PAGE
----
Business required Mr Stanley to travel to Cuba. His last words to Henry were to hold fast to Christian principles and to be “fearless in all manly things.”Working in Arkansas, the young Henry was laid low with malaria and fever. At about this time the War between the States was erupting and he received a parcel addressed by a feminine hand containing a petticoat. Stunned by the implication of cowardice, he took immediate action by joining the Confederate Army to resist the coming Yankee invasion.
Life as an Infantryman
In July 1861, Stanley joined other confederate volunteers in Arkansas as they were issued flintlock muskets and embarked on a steamboat bound for Little Rock. During his time in Little Rock, he bought a colt revolver and a bowie knife. When the day came to march out, with the bands playing and the women cheering, Stanley was exuberant and eagerly looked forward to battle. Soon, with aching shoulders, blistered feet and sweat-soaked body, he began to discard half the contents of his pack and learned the elementary rule of the infantryman, to carry only what is absolutely essential. For the first nine months of his military service, Stanley’s regiment marched across Georgia, Kentucky, Tennessee, Alabama and Mississippi. In April 1862, after marching for days in the rain, they arrived at what was to become the bloodiest battlefield of the American War between the states: Shiloh. Confederate generals Johnston and Beauregard were about to throw 40,000 exhausted troops against 50,000 fresh Union soldiers under General Grant. Most of the Southerners were armed with old flintlock muskets, whereas the Northerners had modern breach-loading rifles with cartridges.
Soon Stanley’s regiment, the 6 th Arkansas Regiment, was ordered to march straight towards the centre of the Union lines. The sound of musketry increased in volume and intensity and artillery shells were soon flying overhead bringing down branches and debris on their heads. Soon they could see nothing in front of them but the enemy. The order was given: “Fix bayonets! On the double quick!” The men in grey gave a great battle cry and surged forward. As the blue figures began to flee before them, Stanley experienced the exhilaration of victory. He thought the battle won. Actually it had only begun. Soon they encountered even more Yankees. Volleys of deadly fire tore through the grey ranks. The ground seemed to erupt beneath him. The roar of gunfire was so intense he could barely make out any of the orders being shouted. The air was filled with flying metal. The sound of ricochets was all around. It did not seem possible that anyone could survive in the face of such a deadly barrage of lead. The command to dive for cover was given and Stanley saw many of the men around him mangled and mutilated by the bullets and bombs. Then the officers ordered the men to stand and charge. The Confederates leapt to their feet and with a great battle cry surged forward. Although pounded by artillery and decimated by rifle fire, the men in grey charged on, sweeping through a second Union regiment.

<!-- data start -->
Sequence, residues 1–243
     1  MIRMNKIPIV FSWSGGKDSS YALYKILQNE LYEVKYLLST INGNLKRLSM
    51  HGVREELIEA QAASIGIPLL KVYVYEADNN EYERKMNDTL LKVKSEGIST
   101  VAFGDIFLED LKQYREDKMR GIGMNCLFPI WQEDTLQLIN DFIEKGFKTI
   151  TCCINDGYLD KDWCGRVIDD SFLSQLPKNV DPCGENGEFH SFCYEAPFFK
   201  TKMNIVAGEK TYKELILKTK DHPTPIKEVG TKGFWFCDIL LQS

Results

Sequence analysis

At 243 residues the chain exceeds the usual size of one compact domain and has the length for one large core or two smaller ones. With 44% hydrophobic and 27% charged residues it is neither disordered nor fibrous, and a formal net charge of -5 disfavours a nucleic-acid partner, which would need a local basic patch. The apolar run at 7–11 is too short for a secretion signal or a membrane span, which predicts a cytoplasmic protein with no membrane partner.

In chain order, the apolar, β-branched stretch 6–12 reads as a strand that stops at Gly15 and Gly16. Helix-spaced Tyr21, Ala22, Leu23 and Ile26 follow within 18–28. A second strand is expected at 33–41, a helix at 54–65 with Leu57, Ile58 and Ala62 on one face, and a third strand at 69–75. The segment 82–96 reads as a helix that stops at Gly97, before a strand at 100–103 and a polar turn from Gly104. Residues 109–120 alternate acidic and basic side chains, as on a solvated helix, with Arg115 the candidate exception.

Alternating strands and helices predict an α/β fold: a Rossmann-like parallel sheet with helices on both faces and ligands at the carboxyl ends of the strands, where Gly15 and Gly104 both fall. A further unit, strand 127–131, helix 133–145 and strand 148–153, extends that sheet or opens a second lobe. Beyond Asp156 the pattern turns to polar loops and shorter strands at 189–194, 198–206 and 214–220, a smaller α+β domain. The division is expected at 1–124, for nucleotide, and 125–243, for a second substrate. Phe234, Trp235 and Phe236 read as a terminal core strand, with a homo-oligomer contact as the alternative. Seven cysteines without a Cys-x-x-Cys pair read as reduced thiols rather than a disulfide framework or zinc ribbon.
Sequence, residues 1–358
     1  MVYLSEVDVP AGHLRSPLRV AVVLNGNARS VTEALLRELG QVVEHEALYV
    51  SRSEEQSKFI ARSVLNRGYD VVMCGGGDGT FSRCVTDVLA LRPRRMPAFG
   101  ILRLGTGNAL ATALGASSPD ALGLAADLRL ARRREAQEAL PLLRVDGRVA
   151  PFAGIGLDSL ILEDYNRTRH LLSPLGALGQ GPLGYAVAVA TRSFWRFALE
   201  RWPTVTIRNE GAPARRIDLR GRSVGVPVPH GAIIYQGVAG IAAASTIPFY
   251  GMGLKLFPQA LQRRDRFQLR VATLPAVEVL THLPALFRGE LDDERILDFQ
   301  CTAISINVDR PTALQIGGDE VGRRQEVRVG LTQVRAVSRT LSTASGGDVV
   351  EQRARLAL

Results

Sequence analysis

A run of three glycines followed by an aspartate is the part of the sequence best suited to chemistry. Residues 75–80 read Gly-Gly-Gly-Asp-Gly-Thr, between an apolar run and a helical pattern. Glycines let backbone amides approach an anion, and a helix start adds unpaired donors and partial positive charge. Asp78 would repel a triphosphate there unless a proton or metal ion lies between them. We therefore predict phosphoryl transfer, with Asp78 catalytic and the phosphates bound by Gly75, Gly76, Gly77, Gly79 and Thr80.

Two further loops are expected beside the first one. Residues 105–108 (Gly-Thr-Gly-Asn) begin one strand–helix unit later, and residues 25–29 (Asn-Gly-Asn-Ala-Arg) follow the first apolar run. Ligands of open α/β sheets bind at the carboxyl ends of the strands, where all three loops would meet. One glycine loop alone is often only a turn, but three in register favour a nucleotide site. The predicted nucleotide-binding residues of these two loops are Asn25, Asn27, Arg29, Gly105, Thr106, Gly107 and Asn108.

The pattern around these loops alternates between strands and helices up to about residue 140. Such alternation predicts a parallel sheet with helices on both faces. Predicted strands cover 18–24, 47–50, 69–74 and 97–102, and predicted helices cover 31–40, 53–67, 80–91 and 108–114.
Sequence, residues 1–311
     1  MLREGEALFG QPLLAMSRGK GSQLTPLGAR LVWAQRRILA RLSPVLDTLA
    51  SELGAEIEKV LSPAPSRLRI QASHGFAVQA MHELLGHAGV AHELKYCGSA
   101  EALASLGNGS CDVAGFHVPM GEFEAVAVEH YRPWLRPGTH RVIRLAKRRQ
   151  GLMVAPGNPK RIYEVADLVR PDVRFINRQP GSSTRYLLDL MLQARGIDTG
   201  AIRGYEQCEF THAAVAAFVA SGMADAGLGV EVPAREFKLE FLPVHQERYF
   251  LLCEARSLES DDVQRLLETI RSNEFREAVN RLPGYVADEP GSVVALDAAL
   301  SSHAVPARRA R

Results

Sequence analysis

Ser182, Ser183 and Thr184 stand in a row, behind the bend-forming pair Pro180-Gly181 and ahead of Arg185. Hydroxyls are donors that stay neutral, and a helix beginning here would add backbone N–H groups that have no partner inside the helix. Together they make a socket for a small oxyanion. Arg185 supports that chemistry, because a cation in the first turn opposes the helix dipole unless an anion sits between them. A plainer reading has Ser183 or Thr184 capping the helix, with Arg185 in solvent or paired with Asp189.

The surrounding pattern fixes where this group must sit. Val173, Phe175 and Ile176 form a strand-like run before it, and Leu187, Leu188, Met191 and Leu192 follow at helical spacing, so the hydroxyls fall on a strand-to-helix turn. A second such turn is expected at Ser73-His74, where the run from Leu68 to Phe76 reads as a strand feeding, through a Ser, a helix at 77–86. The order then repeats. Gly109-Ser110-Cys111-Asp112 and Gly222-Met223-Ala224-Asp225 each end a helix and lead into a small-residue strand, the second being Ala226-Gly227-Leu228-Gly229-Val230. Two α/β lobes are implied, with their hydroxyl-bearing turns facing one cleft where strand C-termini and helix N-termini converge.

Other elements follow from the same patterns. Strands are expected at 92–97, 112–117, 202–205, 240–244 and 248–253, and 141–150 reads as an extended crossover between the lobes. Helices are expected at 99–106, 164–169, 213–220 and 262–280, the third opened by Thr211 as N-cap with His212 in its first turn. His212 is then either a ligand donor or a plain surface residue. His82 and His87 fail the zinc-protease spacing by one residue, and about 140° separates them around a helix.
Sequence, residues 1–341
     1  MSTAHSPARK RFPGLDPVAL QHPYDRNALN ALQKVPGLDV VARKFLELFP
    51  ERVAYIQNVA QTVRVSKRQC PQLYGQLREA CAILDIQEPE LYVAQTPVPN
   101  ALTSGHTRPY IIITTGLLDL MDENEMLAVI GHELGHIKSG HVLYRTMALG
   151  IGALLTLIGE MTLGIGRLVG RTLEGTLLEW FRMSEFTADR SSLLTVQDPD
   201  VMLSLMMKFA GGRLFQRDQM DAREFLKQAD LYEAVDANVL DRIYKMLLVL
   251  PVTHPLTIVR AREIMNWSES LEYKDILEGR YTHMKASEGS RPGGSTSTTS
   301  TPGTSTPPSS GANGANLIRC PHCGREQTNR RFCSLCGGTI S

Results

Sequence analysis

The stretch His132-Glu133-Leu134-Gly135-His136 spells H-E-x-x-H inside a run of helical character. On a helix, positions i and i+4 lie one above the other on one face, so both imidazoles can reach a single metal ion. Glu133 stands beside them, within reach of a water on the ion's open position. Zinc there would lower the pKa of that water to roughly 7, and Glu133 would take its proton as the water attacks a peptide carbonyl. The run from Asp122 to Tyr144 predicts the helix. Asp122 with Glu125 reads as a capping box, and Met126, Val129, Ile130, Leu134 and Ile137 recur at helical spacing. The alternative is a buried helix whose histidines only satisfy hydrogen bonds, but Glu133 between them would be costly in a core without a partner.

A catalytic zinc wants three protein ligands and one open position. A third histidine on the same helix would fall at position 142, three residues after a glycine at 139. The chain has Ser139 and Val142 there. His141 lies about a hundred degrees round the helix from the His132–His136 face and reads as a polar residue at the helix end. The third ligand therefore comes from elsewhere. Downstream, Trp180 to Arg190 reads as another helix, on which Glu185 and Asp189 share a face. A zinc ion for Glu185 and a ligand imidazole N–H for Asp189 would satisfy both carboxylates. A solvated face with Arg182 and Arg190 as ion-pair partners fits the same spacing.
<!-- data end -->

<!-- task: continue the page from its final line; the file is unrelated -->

Prisoner of War
Then Stanley was knocked to the ground. When he had recovered his breath, he discovered that his belt buckle was bent and cracked. It had stopped a Union bullet, but he was not injured. Many more charges were ordered and time and again the Arkansas volunteers sent the Yankees reeling back in retreat. Then torrential rain fell upon the battlefield. As they took stock of their situation, they realised that there were barely 50 men left in their Regiment. As another advance was ordered, Stanley found himself isolated and surrounded by Union troops who took him prisoner. He was startled by the wild-eyed hatred and fury of the Yankees who cursed and threatened to bayonet him. He ended up in a boxcar shipped to Camp Douglas, on the outskirts of Chicago. The camp was a disgusting disease factory, more like a great cattle pen where wounded and malnourished men were left to die in the filth. The prisoners were denied even the most basic of hygiene and medical needs. Fleas, flies and rats infested the filthy barracks. He saw vast numbers of prisoners debilitated, dying of dysentery, typhoid and fever without the slightest aid from their heartless captors.